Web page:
In C.S. Lewis’s The Screwtape Letters, which is an anthology of imaginary letters from Uncle Screwtape—an Under Secretary to Satan—to his nephew and novice tempter Wormwood, Screwtape encourages Wormwood to capitalize on the “troughs” and “peaks” of humans, to make good use of what he calls human undulation.
For me, coming to know Francis of Assisi was crucial to achieving balance in my own life. Francis sensed that I struggled with the balance between learning and loving, between scholarship and spiritual expression.
He penned a fatherly note to me, saying, “It is agreeable to me that you should teach the friars sacred theology, so long as they do not extinguish the spirit of prayer and devotedness over this study.”18
Heresy, I think, is often a question of balance. The word itself, from the Greek hairein, meaning “to take,” suggests a dangerous tipping or “taking away” such a balance. I spent nine years of my life preaching in Italy and France, gaining, I am embarrassed to tell you, the reputation of being “the hammer of heretics.”19 My hope was not to hammer any person, but to restore spiritual balance by hammering home the truth as I understood it from Scripture and other sources of wisdom. I want to consider with you some imbalances that tempted our age and invite you to ponder those that tempt yours.
In the Middle of Every Heart
Each person’s center of gravity, the place where he or she is in tune with the universe, balanced and serene, is different. Musical harmonies shift from chord to chord. The same note cannot be sustained indefinitely. Spiritual balance is unique to each person and varies throughout the days of a person’s life. Yes, we undulate. We are not all asked to balance on point like a prima ballerina or strike a perilous pose on the circus trapeze. Yet the same confidence, the same courage, the same inward grace is required.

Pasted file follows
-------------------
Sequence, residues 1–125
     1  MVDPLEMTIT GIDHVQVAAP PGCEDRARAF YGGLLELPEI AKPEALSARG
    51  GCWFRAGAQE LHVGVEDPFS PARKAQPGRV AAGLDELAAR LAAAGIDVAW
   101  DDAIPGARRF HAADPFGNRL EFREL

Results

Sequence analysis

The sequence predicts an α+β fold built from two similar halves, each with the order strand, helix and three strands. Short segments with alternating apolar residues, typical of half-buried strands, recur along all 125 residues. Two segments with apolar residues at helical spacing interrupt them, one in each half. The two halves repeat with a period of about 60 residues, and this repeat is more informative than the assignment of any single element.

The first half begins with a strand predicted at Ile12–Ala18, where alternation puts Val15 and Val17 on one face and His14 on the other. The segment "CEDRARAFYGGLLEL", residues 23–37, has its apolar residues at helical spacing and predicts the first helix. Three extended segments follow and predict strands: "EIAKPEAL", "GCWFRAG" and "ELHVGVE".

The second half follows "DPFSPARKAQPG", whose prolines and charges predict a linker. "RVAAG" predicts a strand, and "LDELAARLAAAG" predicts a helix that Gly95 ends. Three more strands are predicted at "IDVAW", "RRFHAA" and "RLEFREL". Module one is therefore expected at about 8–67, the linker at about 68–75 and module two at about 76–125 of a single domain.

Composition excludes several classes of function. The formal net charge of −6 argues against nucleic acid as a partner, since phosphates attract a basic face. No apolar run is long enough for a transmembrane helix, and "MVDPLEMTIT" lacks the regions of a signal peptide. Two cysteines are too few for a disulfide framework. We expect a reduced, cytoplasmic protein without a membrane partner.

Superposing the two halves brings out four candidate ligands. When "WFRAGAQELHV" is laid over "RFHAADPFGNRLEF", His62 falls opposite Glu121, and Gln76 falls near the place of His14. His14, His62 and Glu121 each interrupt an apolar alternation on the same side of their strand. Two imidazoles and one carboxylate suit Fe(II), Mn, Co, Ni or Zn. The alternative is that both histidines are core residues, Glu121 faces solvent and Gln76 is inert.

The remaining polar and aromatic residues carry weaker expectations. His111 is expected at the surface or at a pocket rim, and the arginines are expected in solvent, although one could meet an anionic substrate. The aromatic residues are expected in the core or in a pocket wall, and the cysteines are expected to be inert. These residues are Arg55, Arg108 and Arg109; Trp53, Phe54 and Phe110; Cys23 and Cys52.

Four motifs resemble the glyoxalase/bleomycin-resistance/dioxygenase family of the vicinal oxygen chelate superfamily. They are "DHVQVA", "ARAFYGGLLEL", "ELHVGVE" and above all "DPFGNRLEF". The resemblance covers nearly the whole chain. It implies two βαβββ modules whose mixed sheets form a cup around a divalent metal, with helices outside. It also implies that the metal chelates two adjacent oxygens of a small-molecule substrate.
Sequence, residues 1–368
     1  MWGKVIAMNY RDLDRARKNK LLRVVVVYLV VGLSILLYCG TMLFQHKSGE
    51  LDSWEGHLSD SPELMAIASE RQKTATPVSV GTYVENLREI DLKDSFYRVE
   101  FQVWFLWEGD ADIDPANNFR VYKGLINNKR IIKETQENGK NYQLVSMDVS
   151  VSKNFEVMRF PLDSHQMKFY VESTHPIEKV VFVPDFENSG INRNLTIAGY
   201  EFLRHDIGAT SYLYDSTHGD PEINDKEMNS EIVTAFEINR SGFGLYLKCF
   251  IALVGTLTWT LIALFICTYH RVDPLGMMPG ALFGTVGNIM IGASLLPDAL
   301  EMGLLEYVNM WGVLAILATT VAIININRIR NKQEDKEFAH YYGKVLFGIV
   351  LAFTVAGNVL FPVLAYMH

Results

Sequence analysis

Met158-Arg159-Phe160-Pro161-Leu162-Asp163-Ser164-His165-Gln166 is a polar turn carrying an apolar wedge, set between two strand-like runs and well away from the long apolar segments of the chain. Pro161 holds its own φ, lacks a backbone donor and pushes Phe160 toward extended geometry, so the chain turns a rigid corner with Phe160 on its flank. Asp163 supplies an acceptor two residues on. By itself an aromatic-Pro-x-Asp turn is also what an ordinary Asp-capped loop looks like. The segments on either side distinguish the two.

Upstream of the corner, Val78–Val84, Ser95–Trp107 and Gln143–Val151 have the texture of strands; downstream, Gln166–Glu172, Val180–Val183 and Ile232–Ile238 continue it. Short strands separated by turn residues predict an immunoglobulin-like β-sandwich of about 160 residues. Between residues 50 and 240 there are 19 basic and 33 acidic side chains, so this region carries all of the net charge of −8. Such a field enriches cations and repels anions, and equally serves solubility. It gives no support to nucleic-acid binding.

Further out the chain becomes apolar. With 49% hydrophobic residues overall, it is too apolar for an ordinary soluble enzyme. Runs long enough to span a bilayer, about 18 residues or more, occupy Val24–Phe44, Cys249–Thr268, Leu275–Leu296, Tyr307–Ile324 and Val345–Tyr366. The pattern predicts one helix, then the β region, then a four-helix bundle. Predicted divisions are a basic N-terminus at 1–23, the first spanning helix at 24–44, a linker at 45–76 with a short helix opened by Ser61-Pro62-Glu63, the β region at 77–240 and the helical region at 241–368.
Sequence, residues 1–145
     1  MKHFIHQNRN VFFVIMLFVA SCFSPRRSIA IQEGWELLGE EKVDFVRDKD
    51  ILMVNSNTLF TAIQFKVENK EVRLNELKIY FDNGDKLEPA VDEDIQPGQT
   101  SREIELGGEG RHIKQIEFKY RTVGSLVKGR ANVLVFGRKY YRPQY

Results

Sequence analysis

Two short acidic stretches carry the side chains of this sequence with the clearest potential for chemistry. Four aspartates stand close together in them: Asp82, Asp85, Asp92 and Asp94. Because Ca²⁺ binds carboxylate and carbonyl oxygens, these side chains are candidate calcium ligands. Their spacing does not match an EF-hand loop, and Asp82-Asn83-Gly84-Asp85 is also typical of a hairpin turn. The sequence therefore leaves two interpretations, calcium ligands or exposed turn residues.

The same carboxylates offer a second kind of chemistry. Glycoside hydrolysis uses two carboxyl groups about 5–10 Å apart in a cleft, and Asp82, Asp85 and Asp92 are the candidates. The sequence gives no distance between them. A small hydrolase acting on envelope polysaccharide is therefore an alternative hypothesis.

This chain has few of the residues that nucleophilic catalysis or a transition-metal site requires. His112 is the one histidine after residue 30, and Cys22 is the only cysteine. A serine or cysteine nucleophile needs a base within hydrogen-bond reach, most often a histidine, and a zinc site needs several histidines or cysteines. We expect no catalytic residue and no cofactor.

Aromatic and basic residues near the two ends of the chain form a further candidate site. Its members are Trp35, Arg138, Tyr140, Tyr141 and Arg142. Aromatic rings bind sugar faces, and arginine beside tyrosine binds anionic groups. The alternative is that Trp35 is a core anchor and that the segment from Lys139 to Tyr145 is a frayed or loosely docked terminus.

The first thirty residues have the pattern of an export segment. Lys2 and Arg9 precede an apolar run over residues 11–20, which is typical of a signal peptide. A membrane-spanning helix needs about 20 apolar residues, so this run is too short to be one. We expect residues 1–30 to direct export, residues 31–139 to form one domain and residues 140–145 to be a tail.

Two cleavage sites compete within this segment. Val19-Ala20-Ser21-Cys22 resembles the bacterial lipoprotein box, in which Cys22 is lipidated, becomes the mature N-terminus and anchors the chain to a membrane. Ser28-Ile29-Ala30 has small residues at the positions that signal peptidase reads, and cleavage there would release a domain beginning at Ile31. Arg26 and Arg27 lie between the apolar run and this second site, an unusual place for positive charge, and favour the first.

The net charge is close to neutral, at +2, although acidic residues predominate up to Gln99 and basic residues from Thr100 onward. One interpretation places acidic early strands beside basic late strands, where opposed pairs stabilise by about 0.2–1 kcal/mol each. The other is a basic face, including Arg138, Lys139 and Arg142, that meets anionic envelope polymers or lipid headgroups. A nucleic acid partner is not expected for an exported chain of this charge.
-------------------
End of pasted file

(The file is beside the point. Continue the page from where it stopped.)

In my Sermones, I cited Luke, “I am among you as one who serves” (22:27), and continued, “[Jesus] stands in the middle in every heart; he stands in the middle so that from him, as from a center, all the lines of grace might stretch outward to us who are at the circumference, revolving and moving about him.”20
I can testify to this mighty power—these lines of blessed grace—at work throughout my life, but wish now to focus especially on my preaching missions in France and Italy. There, my challenge was to strengthen people of faith to face the temptation to lean too far to the left or the right, even to fall from balance, to move from the middle of their hearts.
And I say to you, “Stay ‘in the middle,’ therefore, and you will have peace with your neighbor. If you do not stay in the middle, you will not be able to have peace….”21